A few weeks back I heard from a Democratic member of the state Senate, who wanted to raise an issue of grave concern (or rather, he wanted me to raise it): his party's failure to pass a nominal increase in the state's minimum wage, even now that Democrats control both legislative houses and the governor's office.
"We waited 20 years to get the majority, and now we can't pass a minimum wage bill," the senator told me. "It's an embarrassment to me as a Democrat."
Last January, state Dems declared raising Wisconsin's minimum wage from $6.50 to $7.60 an hour a top priority. Indeed, the Senate version of this legislation bears the name SB-1, the first bill of the new biennial session.
The bill, which includes a provision to annually adjust the minimum wage in response to inflation, promptly passed the state Senate on an 18-14 vote. Assembly Speaker Mike Sheridan, a former union leader, was said to support the bill's Assembly version, AB-41, but you'd never know that from anything that's happened since. The bill was introduced last February and referred to committee, where it's remained.
I asked the senator why this was so, since the Democrats have a 52-46 majority in the state Assembly. His answer: "We have too many Assembly Democrats afraid of their own shadow. Too many business Democrats."
Could I quote him on that? He said it would depend on whether I got other Dems to also comment, on the record, which I never did. I tried to get the good senator to go public with his criticisms anyway, but he didn't call back.
Talk about being afraid of one's shadow.
Anyone who thinks this is an isolated instance of political pusillanimity has not been paying attention. Here's how it works: The Democrats talk a good game when they run for office and then betray the people who put them there.
To say that Democrats lack the courage of their convictions misses the mark. They appear to lack both courage and convictions.
Witness the first year of President Barack Obama, who was elected on a campaign slogan of "Change We Can Believe In," only to revise it post-inauguration to "Change You Can Forget About." On health care, national security, gay rights and most other issues, the Democrats are the party of cave.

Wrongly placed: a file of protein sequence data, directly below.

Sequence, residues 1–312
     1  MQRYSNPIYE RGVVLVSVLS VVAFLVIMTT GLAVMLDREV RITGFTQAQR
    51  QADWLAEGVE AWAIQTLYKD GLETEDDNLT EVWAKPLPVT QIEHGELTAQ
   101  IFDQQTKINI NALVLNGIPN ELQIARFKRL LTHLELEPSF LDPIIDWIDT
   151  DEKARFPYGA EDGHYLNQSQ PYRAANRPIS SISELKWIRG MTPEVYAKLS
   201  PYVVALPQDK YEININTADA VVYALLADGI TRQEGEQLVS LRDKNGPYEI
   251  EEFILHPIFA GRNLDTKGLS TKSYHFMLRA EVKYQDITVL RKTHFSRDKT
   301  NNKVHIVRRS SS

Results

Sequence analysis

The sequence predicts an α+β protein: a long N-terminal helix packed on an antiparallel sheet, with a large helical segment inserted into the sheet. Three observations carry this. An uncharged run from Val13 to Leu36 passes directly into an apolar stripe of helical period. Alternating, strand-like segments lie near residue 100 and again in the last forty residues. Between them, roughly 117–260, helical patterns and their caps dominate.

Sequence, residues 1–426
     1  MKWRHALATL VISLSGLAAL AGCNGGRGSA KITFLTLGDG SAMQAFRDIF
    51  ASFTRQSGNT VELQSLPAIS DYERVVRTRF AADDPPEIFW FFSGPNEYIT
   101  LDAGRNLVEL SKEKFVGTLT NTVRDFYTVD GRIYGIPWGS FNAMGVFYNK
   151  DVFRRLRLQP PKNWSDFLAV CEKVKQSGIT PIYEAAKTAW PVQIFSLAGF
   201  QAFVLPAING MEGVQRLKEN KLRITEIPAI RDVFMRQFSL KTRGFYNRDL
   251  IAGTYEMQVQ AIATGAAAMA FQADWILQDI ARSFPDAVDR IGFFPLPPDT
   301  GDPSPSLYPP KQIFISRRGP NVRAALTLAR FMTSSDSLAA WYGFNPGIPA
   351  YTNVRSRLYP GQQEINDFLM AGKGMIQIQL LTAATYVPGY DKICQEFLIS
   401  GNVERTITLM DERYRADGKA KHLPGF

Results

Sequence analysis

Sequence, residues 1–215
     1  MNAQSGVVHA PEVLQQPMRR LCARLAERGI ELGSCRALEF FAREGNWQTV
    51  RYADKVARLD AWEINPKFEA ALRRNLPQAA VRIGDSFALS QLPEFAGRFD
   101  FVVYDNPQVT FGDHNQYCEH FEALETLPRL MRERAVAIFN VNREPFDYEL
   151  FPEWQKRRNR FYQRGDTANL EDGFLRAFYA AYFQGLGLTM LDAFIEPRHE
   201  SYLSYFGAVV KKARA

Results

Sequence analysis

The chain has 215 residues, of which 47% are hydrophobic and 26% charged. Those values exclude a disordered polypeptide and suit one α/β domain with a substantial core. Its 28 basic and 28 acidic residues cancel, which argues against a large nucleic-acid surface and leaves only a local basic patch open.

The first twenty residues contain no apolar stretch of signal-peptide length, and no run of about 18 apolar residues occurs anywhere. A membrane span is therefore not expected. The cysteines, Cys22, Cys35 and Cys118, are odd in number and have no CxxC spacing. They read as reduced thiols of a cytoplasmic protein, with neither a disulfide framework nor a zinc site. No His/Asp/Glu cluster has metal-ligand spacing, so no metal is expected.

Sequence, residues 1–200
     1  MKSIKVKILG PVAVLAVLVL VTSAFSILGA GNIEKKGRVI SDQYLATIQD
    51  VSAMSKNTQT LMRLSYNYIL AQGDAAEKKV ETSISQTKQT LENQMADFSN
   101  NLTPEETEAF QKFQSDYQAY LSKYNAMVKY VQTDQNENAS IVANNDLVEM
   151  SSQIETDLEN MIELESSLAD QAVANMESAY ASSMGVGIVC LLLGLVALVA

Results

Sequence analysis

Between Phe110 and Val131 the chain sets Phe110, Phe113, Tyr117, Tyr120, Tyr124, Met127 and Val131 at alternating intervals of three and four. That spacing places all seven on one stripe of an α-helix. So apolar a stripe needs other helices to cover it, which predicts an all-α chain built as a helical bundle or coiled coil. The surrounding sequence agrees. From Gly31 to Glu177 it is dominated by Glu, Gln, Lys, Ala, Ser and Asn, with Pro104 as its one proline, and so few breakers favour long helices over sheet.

Part of what's happening nationally, of course, is that Republicans are using their procedural power to frustrate the president's agenda. Their goal is to maximize the suffering of ordinary Americans to increase their party's chances in the midterm elections.
But here in Wisconsin, the Dems have only themselves to blame. One full year of Democratic rule has produced almost nothing in the way of substantive change. That's because the claim that Democrats have fundamentally different allegiances than Republicans is bogus.
Take the minimum wage bill. Wisconsin's rate rose last July from $6.50 to $7.25 to match the federal minimum, so SB-1 and AB-41, if passed, would deliver a mere 35-cent-per-hour bump, along with the automatic adjustments. But even this is apparently too much for the Dems.
I asked to discuss this issue with Assembly Speaker Sheridan, who we now know is dating a lobbyist for the payday loan industry even as he works to weaken legislation to regulate it. He didn't call back. I tried talking to the Assembly bill's lead sponsor, Rep. Cory Mason, over a period of seven weeks. He blew me off too.
The only Assembly Democrat who agreed to speak asked to do so off the record. This Democrat said the bill has not come up for a vote because it would not pass; too many Democrats would vote against it. That's because the tourism and resort industries want to pay their workers as little as possible, and these are important industries in many Democratic lawmakers' districts.
A look at the legislation's lobbying profile affirms this. Labor unions and do-gooder groups have registered support, while associations representing tourist attractions, chambers of commerce, restaurants, hotels and theaters are opposed. The Greater Madison Chamber of Commerce reported spending eight hours, half of its entire lobbying total for 2009, working to defeat this bill.
Happily for these folks, the Democrats are listening.
Back in 2005, when the state increased its minimum wage for the first time in seven years, Rep. Sheridan made a prescient statement: "As the Legislature moves on, it is my sincere hope that future increases in the minimum wage will never again be treated as a partisan issue. The needs of Wisconsin's working families are not about Democrats and Republicans."
That's precisely what has come to pass. Now both Democrats and Republicans click their heels in response to the same corporate masters, Wisconsin's working families be damned. They've in effect become the same party. If you don't believe that, ask somebody making $7.25 an hour what difference they've noticed from having Democrats in power.
What Mike Sheridan and other Assembly Dems need to do is bring AB-41 to a vote. Let everyone see which Democrats take a stand against a 35-cent-per-hour hike in the minimum wage. Otherwise, the public is right to consider the entire party complicit in this betrayal and throw them all out.
It would be better for Wisconsin if the Legislature were led by true Republicans, rather than Democrats who act just like them. And it would be best for everyone if the state's current crop of Democratic lawmakers found more useful occupations.
I hear they're hiring in the Dells.